Researchers examined the etiology of fatigue in the post-acute phase of severe acute respiratory syndrome coronavirus 2 (SARS-CoV-2) infections in the current cross-sectional study.

The study included 37 persons with an average age of 65.0 years who had experienced fatigue six to 26 weeks after a mild SARS-CoV-2 infection but had no prior neurological illness history.

52 individuals without tiredness who were matched for sex, age, and gender (controls) were included for comparison; six of these individuals had mild COVID-19 and had recovered from it without pCF.

The autonomic (ANS), central (CNS), and peripheral nervous systems (PNS) were assessed using a number of non-invasive neurophysiological and behavioral tests, followed by a K-means cluster K-and gap analysis.

Primary motor cortex function was evaluated using transcranial magnetic stimulation (TMS), while sensory circuit dysfunction was investigated using sensory nerve stimulation.

Women made up 73% (n=27) and 71% (n=37) of the study participants in the pCF and control groups, respectively. Long COVID patients who experienced fatigue showed under-activity in certain brain circuits, dysregulated autonomic systems, and myopathic alterations in the skeletal muscles as compared to sex- and age-matched controls. However, it seemed doubtful that anomalies in sensory processes and descending neuromodulatory drive were a factor in pCF.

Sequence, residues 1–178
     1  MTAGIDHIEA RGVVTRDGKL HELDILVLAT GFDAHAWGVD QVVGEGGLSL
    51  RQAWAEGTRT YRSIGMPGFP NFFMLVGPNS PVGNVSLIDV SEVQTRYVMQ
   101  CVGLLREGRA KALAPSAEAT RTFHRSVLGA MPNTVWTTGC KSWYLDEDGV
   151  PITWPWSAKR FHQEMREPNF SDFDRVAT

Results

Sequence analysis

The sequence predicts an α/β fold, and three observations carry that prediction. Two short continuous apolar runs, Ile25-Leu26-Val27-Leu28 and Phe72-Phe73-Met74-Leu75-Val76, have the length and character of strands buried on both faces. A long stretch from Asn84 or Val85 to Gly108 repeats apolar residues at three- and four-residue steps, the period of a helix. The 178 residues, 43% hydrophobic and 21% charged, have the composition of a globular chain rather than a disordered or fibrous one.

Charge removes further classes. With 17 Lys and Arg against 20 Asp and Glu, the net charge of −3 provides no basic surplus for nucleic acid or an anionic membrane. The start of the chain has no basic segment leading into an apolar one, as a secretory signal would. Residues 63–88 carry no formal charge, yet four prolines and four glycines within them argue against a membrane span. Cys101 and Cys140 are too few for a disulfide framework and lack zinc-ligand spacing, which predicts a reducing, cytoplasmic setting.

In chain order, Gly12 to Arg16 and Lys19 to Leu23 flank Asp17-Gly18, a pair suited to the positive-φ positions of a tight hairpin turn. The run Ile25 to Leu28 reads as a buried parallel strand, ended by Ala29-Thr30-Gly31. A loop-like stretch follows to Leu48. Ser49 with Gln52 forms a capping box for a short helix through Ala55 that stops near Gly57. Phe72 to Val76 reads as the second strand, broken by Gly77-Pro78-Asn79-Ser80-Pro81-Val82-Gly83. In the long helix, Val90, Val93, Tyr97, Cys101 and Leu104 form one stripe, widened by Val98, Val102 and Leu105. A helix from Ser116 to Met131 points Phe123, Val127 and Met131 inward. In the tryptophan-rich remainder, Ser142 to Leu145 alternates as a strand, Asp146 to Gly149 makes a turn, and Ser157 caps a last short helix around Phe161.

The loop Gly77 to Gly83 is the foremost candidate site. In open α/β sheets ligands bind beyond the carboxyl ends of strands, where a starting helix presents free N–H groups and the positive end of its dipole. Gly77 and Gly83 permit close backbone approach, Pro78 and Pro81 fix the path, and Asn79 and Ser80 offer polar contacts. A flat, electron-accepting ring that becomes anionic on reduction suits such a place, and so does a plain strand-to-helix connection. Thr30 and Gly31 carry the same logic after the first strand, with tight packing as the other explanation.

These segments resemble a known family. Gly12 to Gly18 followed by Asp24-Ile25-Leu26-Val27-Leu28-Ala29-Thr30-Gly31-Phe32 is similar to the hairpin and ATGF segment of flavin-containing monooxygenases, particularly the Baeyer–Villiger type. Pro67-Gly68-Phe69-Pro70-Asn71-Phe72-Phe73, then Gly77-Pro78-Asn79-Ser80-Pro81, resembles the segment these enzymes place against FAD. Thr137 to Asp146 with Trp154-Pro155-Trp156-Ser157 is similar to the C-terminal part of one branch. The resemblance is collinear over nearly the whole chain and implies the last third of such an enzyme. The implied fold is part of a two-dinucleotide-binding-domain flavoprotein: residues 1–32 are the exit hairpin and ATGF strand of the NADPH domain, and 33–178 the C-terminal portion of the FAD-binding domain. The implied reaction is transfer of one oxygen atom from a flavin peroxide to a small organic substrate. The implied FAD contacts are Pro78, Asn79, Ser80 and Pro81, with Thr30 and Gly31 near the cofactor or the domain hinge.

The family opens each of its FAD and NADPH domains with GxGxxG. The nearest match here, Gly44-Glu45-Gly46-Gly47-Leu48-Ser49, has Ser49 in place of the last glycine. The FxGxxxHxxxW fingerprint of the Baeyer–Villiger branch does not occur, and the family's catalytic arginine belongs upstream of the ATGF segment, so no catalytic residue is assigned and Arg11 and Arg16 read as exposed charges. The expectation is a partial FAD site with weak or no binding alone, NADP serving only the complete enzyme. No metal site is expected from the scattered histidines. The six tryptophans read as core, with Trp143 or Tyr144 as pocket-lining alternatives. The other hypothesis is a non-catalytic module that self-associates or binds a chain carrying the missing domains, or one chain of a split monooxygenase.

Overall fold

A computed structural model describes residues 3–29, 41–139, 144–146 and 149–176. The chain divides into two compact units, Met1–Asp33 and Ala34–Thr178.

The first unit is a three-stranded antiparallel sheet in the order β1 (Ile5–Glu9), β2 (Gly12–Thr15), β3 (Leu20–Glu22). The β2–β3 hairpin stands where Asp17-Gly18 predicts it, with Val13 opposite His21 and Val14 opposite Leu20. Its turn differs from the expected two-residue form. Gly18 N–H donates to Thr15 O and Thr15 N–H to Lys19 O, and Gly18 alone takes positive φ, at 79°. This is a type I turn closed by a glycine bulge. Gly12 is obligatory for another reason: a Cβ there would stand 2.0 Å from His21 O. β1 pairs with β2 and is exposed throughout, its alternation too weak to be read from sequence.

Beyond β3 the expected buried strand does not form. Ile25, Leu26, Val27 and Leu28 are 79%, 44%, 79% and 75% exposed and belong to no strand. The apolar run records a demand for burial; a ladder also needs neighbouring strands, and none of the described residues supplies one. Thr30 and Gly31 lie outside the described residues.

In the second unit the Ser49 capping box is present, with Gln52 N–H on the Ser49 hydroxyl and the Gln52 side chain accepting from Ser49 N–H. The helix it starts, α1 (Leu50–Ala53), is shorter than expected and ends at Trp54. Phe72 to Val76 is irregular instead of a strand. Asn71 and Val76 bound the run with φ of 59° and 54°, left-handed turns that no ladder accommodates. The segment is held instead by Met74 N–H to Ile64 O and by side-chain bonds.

Based on the previously published relative SARS-CoV-2 variants of concern (VOC) incidence rates in the United Kingdom (UK), the team estimated that 83.0% of the pCF group were infected with the SARS-CoV-2 Alpha VOC.

The TMS findings showed that intracortical facilitation (ICF), a measure of intracortical glutamatergic function, was significantly lower among pCF patients than controls (conditioned motor evoked potential versus unconditioned was 171% versus 258%), indicating reduced cortical excitability.

The pCF patients showed increased peripheral fatigue levels and greater visual reaction times. The maximal twitch evoked by direct electrical stimulation of muscles following sustained muscle contractions was 49% and 67% in pCF and controls, respectively.

Indicating that pCF patients develop metabolic alterations in muscle fibers following prolonged activities that result in lowered force output. Post-COVID fatigue patients had normal grip strength, without any evidence of fatiguing transmission at the neuromuscular junction (NMJ), and normal intrinsic excitability of motoneurons.

The mean values for resting heart rate were significantly greater among pCF patients than controls (75 versus 68 beats per minute, respectively). On the contrary, post-COVID fatigue patients had significantly lower blood oxygen saturation (SaO2) values than controls (95% versus 97%, respectively), probably due to sustained pulmonary damage and/or vasculopathy.